San Diego-based Qualcomm contends that Nokia's assertion about "what are fair and reasonable rates for Qualcomm's patents are directly contradicted by its demands for its own patents." According to Qualcomm, Nokia demands 2.5 percent for a single essential patent, 3.5 percent for two, three patents run 4 percent and 10 or more will go for 5 percent or higher.
Qualcomm's nonessential patents, the company continued, are not subject to FRAND (fair, reasonable and nondiscriminatory) commitments and may be subject to higher royalty rates, according to Nokia's own prior positions. "Nokia's current comments regarding Qualcomm's rates are simply statements of convenience.
"Qualcomm's licensing program for WCDMA products is well established and confirms that Qualcomm's licensing terms and conditions, including royalty rates, are fair and reasonable. The fair market value of Qualcomm's patents for WCDMA has been established by the more than 70 royalty-bearing license agreements that Qualcomm has negotiated at arm's length with the world's largest cellular equipment suppliers over the past decade," the company concluded.
At the Root
There is a very significant amount of money and leverage at stake because both Nokia and Qualcomm have substantial intellectual property assets that contribute revenue to their bottom line, Charles Golvin, a principal analyst at Forrester Research, told the E-Commerce Times.
"My impression is that for Qualcomm, it is a bigger piece of their overall business than for Nokia. Nokia has a lot of patents but many of them are used in cross-licensing agreements with other patent holders in order to prevent Nokia from paying their licensing fees," he explained.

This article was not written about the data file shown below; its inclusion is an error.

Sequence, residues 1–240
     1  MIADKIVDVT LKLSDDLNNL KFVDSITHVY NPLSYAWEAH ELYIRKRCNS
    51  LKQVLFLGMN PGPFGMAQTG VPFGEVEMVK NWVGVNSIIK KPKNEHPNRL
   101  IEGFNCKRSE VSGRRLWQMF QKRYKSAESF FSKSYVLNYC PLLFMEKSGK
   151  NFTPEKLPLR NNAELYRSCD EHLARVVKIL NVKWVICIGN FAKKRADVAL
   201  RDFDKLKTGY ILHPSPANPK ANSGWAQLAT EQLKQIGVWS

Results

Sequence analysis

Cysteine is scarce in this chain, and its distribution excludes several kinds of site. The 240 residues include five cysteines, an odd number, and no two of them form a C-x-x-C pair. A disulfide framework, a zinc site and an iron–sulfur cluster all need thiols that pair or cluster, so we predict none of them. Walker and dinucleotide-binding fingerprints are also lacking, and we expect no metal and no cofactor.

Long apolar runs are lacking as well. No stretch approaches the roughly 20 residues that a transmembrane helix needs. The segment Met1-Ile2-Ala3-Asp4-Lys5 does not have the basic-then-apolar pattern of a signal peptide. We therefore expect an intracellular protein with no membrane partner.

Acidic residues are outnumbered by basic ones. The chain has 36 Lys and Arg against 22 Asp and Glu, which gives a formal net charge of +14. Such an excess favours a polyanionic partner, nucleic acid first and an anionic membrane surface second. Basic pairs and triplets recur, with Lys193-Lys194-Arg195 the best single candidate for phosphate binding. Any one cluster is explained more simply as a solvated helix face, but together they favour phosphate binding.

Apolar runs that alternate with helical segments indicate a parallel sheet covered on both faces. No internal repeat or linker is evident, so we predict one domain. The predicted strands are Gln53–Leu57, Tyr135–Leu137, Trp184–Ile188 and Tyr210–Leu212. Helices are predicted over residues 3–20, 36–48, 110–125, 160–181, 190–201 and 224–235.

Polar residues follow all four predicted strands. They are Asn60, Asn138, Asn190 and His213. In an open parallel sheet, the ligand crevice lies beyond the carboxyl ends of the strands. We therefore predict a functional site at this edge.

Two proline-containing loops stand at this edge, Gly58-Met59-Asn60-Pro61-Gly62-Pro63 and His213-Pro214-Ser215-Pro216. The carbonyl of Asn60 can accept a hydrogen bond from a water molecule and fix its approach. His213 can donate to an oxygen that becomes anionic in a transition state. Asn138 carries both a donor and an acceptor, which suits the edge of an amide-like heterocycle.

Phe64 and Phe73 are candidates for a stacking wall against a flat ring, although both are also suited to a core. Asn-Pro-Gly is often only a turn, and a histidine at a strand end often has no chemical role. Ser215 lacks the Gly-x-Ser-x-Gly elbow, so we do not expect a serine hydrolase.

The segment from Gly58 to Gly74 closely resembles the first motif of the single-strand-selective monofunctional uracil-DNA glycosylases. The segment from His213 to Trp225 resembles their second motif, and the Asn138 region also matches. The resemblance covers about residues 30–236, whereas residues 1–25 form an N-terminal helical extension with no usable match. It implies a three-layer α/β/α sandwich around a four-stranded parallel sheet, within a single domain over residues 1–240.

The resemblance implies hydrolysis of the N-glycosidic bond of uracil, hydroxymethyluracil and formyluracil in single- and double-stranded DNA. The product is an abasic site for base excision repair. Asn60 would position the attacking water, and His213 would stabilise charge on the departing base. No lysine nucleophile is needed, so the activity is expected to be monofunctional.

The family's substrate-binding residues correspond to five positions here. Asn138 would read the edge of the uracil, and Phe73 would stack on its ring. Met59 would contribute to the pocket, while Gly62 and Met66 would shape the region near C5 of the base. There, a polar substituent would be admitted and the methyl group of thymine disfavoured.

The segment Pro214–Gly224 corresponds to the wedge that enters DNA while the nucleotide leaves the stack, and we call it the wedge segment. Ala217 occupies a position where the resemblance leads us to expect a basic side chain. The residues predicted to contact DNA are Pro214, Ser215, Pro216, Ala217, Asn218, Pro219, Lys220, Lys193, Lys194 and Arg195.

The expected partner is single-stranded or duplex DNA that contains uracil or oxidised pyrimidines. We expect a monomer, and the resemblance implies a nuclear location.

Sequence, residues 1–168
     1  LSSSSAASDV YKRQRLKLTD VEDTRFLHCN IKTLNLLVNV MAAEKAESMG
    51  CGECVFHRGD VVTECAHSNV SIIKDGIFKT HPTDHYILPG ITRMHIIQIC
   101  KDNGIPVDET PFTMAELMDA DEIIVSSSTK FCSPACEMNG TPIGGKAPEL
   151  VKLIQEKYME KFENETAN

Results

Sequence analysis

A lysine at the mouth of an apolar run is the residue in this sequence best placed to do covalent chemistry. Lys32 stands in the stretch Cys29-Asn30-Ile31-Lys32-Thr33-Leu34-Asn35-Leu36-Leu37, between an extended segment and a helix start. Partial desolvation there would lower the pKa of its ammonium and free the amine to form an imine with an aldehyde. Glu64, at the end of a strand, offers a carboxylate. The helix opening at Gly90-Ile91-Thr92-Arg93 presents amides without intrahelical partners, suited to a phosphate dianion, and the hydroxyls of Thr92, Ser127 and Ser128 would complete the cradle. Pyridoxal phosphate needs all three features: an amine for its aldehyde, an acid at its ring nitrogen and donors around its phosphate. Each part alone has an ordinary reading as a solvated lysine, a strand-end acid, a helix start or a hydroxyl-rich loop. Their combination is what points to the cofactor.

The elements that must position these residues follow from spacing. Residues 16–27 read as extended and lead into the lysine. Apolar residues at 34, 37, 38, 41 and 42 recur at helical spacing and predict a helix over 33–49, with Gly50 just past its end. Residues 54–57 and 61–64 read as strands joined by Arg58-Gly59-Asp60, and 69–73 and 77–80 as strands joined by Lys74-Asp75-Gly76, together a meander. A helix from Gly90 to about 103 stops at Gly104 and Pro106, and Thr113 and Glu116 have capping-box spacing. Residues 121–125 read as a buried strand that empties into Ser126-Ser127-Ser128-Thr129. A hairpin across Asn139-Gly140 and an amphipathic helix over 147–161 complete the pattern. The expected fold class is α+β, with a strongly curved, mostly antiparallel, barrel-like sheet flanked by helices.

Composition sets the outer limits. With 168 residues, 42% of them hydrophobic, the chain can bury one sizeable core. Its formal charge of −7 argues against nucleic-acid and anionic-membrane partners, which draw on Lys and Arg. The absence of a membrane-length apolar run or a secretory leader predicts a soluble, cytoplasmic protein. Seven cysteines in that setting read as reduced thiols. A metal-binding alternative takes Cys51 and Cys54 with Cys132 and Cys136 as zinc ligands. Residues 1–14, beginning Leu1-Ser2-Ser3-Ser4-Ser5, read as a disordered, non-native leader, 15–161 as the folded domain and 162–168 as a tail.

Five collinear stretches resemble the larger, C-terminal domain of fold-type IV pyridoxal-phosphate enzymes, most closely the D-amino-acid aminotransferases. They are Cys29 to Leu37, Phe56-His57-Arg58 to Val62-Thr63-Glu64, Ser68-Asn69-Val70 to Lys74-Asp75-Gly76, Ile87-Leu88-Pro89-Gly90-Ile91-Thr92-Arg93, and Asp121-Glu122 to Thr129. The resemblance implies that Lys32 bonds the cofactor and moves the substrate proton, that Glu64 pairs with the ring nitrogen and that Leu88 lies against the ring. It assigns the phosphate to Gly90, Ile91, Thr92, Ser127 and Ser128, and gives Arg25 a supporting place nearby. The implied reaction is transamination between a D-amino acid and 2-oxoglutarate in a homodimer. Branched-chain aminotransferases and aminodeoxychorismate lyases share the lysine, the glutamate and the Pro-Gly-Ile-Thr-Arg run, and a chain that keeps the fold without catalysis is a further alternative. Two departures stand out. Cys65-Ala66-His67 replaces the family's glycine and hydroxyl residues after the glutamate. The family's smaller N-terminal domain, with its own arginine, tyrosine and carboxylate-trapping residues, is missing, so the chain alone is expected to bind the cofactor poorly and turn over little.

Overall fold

"Qualcomm, though, they have a very big chunk of revenue that comes from their intellectual property."
The dispute between the two companies, Golvin said, is the result of the evolution from 2G to 3G. Formerly, under the 2G networks, most of Qualcomm's patents dealt with CDMA, and while Nokia paid to license some of those CDMA patents, it was not a major portion of their business the way GSM was.
The advent, however, of 3G networks and the "wideband CDMA flavor used throughout Europe" has become a larger part of Nokia's business, Golvin said. The fees the company now pays to Qualcomm for that technology have risen considerably. Also at play in the quarrel, according to Golvin, is an agreement by some major patent holders to cap the fees charged for patent licenses.
"Qualcomm never signed up for that," he noted.
Though the companies have taken their disagreement public and seemed to be engaged in a pitched battle, Golvin expects that the two combatants will reach some sort of accord.
"Ultimately, these two parties will settle with each other," he stated. "They have to because each of them holds intellectual property the other one needs to do their business. It's really a matter of how this public component of the debate plays out before they come to an agreement.
"Ultimately, they will have to come to some sort of agreement," Golvin concluded.